Four Great Strategies To Inspire Reluctant Writers

12 Feb

In a research paper conducted by Paul Gardner, teachers identified a range of characteristics that were common to reluctant writers. I certainly recognise characteristics of both of my children  in this list, at various stages of their development. (I hate to admit it, but I also recognise myself in this list too!) Although we think of children who struggle with literacy belonging to this group, reluctant writers are found right across the developmental spectrum of any classroom or group.

 

A reluctant writer may:

  • be good at telling stories orally but has difficulty putting ideas on paper independently.
  • be a perfectionist, therefore fear of getting it wrong prevents writing.
  • lack ideas due to insufficient experiences either in their life or their knowledge of reading and stories.
  • find writing a physical struggle – poor fine motor control/pencil control.
  • find spelling difficult which then impedes writing.
  • have ‘internalised a view of writing as a set of grammar and language rules rather than a creative process.
  • have difficulty remembering what s/he is writing about (memory be an issue).
  • be unable to build upon their writing.
  • quickly start and finish their writing but do  not develop ideas so the plot is often superficial.
  • prefer to play it safe with their writing and is reluctant to take risks.

Here Are Four Pre Writing Strategies to Support Reluctant Writers:

Pre- writing and planning are two of the most important stages of creative writing and it’s here, at the beginning of the process, that we can really set the stage and encourage young writers to enjoy playing with ideas.

 

1) Use Mind Maps to Generate Story Ideas

Mind mapping (made famous by Tony Buzan) allows children to record their ideas through the use of symbols, pictures and language. Mind mapping as a pre-writing activity engages both the creative and logical elements of the brain and gives children a chance to experiment with ideas and possible outcomes. The idea  is to explore as many ideas as possible – some will work, some may not, but all ideas are accepted into the mix. Mind maps combined with paired peer discussion enable writers to both record and share their ideas through storytelling. I have found this to be most effective. If you’re interested in learning more about mind mapping for children, head over to Draw Me An idea for some interesting examples.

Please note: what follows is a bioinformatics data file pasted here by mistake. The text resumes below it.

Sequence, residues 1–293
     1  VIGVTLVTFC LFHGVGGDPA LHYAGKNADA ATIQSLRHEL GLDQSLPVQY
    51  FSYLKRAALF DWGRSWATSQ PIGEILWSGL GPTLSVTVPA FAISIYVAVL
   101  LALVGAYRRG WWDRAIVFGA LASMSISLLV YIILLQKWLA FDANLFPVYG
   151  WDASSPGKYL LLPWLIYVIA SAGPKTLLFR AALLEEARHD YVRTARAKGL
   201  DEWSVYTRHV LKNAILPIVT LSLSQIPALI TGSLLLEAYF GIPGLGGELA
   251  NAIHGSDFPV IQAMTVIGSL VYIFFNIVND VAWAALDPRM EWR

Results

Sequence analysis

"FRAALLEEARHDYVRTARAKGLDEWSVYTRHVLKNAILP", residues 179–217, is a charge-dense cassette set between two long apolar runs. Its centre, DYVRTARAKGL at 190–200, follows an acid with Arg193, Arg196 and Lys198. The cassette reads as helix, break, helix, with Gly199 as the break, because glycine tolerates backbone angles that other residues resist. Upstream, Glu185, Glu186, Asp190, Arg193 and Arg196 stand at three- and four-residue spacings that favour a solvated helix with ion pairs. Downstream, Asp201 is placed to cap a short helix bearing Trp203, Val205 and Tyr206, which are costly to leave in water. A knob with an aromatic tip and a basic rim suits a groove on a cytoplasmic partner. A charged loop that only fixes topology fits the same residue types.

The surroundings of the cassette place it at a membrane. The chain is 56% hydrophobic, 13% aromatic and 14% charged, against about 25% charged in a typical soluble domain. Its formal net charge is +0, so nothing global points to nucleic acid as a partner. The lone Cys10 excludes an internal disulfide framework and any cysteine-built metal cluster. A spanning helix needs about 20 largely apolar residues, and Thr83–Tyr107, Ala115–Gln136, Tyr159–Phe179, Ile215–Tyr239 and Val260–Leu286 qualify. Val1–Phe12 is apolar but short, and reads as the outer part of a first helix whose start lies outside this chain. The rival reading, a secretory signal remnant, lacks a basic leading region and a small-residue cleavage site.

2) Encourage Storyboarding to Visualise and Structure a Story

Creating storyboards helps children visualise how their story might unfold. This is a vital skill for storytellers. Once you ‘enter’ into the world of your story, your imagination and sensory perception are called into play. Your right brain loosens up a little. Storyboarding is a great planning tool, especially if the physical act of writing is difficult. Langwitches Blog has a great post about storyboarding and the writing process

 

3) Create Word Banks to Build Vocabulary

Both storyboards and mind maps use words and phrases to capture ideas and thoughts. These words can be shared and collected to create a word bank for the class or for individual students. This is especially helpful for children who need assistance with extending vocabulary and/or spelling.

 

4) Provide Storytelling Models to Provide Structure

Providing a template or a storytelling model can sometimes provide a solid structure for writing. Rather than limiting creativity, it allows some students to soar because it reduces anxiety and the pressure of developing all the elements of a story at once. A good example of this is found in a pre writing activity we did at The Writer’s Club last term. Using the storytelling model of ‘The Gingerbread Man’, pairs had to:

  • create a new character made out of something unusual
  • think of a reason the character might want to run away
  • name three people that might chase this character
  • decide how will the story end

Rather than inhibiting the creative process, providing a template such as this, actually produced some hilarious and very creative innovations on the original story.

 

Finally let’s be mindful of the learning environment we create for children. Writing is a complex process, bringing together a number of sub-skills such as spelling, syntax, vocabulary, fine motor control etc. In Year 3, my daughter Neve was in a classroom where spelling and grammar were the Gods of any writing task. Neve, a competent and creative writer, struggled with spelling, so she wrote very simple stories that year. She wanted to spend her  lunch break outside, rather than in her classroom correcting and rewriting her work. “I like writing stories”, she told me, “but I love the monkey bars!!” Let’s aim to create positive and balanced learning environments that support and inspire young wordsmiths, to take risks and enjoy the journey, that is creative writing.

This article and more can be found in my free E – Book – Storytelling and Creative Writing Inspiration.

Check out the link to download this: http://www.writeawaywithme.com/workshops/free-resources/

If you found this article helpful, please share it with your friends and colleagues or leave a comment. I’d love to hear from you.

 

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